Vinsamlegast notið þetta auðkenni þegar þið vitnið til verksins eða tengið í það: http://hdl.handle.net/1946/24892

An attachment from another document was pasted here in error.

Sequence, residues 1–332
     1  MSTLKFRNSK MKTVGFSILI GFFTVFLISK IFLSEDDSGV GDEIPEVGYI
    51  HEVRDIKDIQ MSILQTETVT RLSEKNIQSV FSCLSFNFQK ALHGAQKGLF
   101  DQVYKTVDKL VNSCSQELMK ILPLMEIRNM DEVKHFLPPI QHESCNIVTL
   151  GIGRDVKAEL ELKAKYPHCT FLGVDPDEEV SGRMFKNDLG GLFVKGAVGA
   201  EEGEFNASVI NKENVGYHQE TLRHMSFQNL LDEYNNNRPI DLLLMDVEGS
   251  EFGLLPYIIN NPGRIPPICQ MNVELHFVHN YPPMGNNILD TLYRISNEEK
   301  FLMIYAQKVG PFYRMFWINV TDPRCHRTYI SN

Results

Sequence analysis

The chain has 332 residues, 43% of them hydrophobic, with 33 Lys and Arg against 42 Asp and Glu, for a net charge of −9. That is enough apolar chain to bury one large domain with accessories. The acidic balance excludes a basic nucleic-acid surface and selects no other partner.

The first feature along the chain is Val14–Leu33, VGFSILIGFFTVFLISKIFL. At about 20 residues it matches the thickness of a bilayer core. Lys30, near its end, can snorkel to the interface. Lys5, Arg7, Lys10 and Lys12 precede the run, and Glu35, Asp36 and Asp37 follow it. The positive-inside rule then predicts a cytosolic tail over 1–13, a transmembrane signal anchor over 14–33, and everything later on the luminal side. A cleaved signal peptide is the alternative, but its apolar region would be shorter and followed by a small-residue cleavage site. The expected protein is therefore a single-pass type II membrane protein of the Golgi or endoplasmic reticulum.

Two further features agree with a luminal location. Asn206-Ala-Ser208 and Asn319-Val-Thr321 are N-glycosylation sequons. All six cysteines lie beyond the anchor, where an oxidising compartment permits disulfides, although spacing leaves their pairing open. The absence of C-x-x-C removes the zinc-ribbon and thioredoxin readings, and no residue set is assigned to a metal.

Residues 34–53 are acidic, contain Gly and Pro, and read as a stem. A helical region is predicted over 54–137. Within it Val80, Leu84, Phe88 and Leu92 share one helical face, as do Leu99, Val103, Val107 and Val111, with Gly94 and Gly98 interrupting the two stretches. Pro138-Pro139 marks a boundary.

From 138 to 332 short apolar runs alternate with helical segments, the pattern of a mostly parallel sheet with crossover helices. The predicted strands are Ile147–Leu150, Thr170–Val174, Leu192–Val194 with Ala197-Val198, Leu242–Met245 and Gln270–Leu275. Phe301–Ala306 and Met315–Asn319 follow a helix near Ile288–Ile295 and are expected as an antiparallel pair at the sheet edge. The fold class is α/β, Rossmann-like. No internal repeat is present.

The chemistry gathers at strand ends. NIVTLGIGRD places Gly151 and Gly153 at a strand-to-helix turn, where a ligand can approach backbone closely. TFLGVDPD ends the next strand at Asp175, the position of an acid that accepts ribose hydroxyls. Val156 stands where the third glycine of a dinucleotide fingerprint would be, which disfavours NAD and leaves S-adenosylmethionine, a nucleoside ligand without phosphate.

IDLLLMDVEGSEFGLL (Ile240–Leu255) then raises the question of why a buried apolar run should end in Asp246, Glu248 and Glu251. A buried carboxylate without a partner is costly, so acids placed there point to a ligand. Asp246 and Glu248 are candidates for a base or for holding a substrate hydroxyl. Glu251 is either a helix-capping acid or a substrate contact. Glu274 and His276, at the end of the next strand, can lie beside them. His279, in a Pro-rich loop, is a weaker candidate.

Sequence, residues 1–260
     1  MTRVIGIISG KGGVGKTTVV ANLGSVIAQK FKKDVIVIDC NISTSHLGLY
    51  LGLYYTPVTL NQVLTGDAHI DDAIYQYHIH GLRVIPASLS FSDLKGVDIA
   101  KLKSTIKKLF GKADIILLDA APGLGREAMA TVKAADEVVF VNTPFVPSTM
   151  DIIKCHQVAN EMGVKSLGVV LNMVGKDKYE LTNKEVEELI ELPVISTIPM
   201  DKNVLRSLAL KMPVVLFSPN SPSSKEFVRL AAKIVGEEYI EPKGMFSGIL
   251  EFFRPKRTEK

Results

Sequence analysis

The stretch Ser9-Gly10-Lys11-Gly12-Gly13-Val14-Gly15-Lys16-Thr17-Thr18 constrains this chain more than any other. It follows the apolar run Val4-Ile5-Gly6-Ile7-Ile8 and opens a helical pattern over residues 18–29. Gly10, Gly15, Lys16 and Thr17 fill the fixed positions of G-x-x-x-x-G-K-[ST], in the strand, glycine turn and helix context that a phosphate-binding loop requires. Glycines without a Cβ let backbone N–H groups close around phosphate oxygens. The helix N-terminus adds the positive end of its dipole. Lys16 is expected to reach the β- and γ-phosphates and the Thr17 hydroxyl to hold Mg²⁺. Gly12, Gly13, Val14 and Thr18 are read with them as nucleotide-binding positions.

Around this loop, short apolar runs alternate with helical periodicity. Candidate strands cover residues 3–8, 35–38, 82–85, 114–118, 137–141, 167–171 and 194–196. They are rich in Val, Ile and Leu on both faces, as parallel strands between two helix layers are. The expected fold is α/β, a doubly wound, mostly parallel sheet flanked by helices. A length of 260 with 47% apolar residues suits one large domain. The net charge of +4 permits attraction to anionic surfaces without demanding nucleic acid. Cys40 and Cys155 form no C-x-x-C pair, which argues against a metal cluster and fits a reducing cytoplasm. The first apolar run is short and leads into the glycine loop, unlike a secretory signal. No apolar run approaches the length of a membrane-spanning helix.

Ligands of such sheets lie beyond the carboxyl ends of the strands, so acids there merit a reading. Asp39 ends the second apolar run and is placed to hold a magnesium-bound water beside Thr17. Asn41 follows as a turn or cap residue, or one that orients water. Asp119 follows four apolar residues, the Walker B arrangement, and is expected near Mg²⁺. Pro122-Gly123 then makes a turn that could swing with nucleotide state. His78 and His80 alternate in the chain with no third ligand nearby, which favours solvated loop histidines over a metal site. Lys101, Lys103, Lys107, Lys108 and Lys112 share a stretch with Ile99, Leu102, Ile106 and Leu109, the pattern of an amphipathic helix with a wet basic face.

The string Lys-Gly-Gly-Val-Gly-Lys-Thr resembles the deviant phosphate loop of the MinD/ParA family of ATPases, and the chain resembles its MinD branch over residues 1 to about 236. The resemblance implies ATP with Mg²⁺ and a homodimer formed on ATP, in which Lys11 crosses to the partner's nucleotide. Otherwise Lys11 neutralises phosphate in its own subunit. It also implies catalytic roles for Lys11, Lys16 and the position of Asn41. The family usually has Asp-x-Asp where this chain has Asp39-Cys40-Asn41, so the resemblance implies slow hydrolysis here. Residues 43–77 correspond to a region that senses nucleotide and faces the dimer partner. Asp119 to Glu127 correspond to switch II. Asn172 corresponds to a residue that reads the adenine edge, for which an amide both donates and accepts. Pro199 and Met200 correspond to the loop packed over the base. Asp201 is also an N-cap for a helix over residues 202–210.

Sexual violence is a serious public health problem that has resulted in the establishment of professional, multidisciplinary service centers for victims in most of the Nordic countries. In Iceland a Rape Trauma Service (RTS) was established in 1993. The RTS is a multidisciplinary service clinic that provides free comprehensive and immediate 24 hour service to all sexually victimized adolescents and adults. In addition to acute medical, forensic, legal and psychological services the clinic offers follow-up psychological services due to the potential severe psychological consequences of sexual assault. According to research a big proportion of sexual assault survivors do not utilize the available service after trauma, even though the trauma can have very serious consequences for the survivor, the most common one being PTSD. The purpose of this study was to examine survivors’ views of the RTS services and in particular the follow-up psychological services, as well as reasons for not accepting psychological services. Furthermore, the goal was to examine the relationship between the initial post assault psychological symptoms (depressive symptoms, posttraumatic stress symptoms) and service utilization as well as survivors’ views of the RTS services and service. The participants of the study were 91 female survivors who had sought the RTS services in the years 2010 to 2014 and agreed to participate in a service satisfaction survey. Three levels of follow-up psychological services at the RTS were defined: psychological first aid, follow-up psychosocial support and cognitive processing therapy (CPT). The results indicated that most survivors were happy with the RTS services and would recommend it to others. The most common reason given for not accepting or utilizing the follow-up psychological services were e.g. “I wasn’t ready to face what happened” and “The service was too far away from my home” which were categorized as avoidance. Those participants who utilized the follow-up psychological service described a desire for more psychology sessions after finishing treatment. No relationship was found between service utilization and age, initial depressive symptoms, and survivor’s views of the RTS. A significant relationship was found between posttrauma symptoms and service utilization indicating that participants with higher initial posttrauma symptoms utilized more psychological services. Consistent with prior studies it seems important to inform participants of the counterproductive avoidance that can follow trauma, as well as consider offering more therapy or follow-up sessions to increase service satisfaction.